فهرست مطالب

Language Teaching Research - Volume:2 Issue: 2, 2014
  • Volume:2 Issue: 2, 2014
  • تاریخ انتشار: 1393/02/16
  • تعداد عناوین: 9
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  • Dan Douglas* Pages 1-12
    In 2003 the International Civil Aviation Organization (ICAO) strengthened the provisions that English be made available for international radiotelephony communication. ICAO also developed standards for English proficiency for international pilots and air traffic controllers. However, these standards are applied variably from country to country and in no country are native speakers of English tested for their ability to employ what has been termed «interactional competence» when using English for intercultural communication. Problems with this situation are reviewed and suggestions made for improving English assessment and training.
    Keywords: aviation English, specific purpose language assessment, specific purpose language teaching, International Civil Aviation Organization, intercultural communication
  • Zohreh Seifoori * Pages 13-34
    Metacognition involves conscious thinking about one’s learning and is implemented in language learning when learners set goals and evaluate their performance، plan their studies، use their language knowledge، attend to the input، search speaking and reading opportunities and ways of enhancing their learning outcomes and focus on their errors. This study sought to measure the use of metacognitive strategies by eight groups of Iranian ESP freshmen in four different disciplines and to detect probable discipline and gender variations. Having assessed the initial homogeneity of the groups via Analysis of Variance of the scores obtained from a Key English Test (KET)، the researcher administered the Metacognitive section of Oxford’s Strategy Inventory for Language Learning (SILL) (1985). The Between-subjects Analysis of Variance (ANOVA) of the research data revealed that the participants studying Mechanical Engineering and Computer outperformed those studying Management and Psychology. Gender variation، however، was observed only in the participants’ use of self-evaluation strategy where males reported a more frequent use. The findings revealed the ESP learners’ need for metacognitive training particularly across gender and major.
    Keywords: discipline, ESP students, gender, metacognition, metacognitive strategies
  • Nasser Rashidi *, Mohammad Rahimi, Zahra Alimorad Pages 35-49
    Investigating how foreign language learners’ discourse mediates their demotivation construction is a relatively new area of inquiry. This paper examined the discursive construction of four (two males and two females) Iranian English as a Foreign Language (EFL) learners’ demotivation at Shiraz University, Iran. Employing Fairclough’s (2003) critical discourse analysis framework, the present study revealed that demotivation is not uni-dimensional and static; rather, it is complex, multi-dimensional, and dynamic, which is discursively constructed in the constant interaction between the individual and the social context. Findings also indicated that the discursive construction of demotivation involved simultaneous interaction of multiple levels of learners’ interpersonal relationships, their future self-guides, and factors in local and broader social, cultural and political milieus.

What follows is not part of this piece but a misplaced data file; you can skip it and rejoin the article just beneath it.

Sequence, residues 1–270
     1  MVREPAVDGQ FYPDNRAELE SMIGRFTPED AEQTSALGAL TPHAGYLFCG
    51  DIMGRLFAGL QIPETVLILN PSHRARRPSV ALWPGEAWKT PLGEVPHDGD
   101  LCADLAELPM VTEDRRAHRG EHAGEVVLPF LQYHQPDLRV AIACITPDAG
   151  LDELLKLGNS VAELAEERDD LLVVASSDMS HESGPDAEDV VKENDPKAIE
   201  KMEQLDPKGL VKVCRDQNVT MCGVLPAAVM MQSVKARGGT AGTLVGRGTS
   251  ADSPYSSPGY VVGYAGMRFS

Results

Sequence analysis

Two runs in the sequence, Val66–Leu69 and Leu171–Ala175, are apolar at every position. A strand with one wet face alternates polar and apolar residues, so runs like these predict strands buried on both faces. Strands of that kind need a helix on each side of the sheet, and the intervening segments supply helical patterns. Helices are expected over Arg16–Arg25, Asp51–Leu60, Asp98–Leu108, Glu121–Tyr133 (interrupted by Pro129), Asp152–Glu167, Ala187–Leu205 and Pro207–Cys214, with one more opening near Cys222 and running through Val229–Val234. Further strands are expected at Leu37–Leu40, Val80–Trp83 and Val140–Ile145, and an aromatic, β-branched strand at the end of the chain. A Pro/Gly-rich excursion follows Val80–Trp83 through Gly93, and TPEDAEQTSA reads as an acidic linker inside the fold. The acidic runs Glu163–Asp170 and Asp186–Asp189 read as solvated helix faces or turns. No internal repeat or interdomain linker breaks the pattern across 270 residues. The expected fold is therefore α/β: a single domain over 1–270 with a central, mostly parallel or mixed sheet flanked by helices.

Keywords: demotivation, discursive construction, future self, guides, legitimation, critical discourse analysis
  • Aram Reza Sadeghi Beniss, Vahid Edalati Bazzaz * Pages 51-72
    The current study attempted to establish baseline quantitative data on the impacts of pushed output on two components of speaking (i.e., accuracy and fluency). To achieve this purpose, 30 female EFL learners were selected from a whole population pool of 50 based on the standard test of IELTS interview and were randomly assigned into an experimental group and a control group. The participants in the experimental group received pushed output treatment while the students in the control group received non-pushed output instruction. The data were collected through IELTS interview and then the interview of each participant was separately tape-recorded and later transcribed and coded to measure accuracy and fluency. Then, the independent samples t-test was employed to analyze the collected data. The results revealed that the experimental group outperformed the control group in accuracy. In contrast, findings substantiated that pushed output had no impact on fluency. The positive impact of pushed output demonstrated in this study is consistent with the hypothesized function of Swain’s (1985) pushed output. The results can provide some useful insights into syllabus design and English language teaching.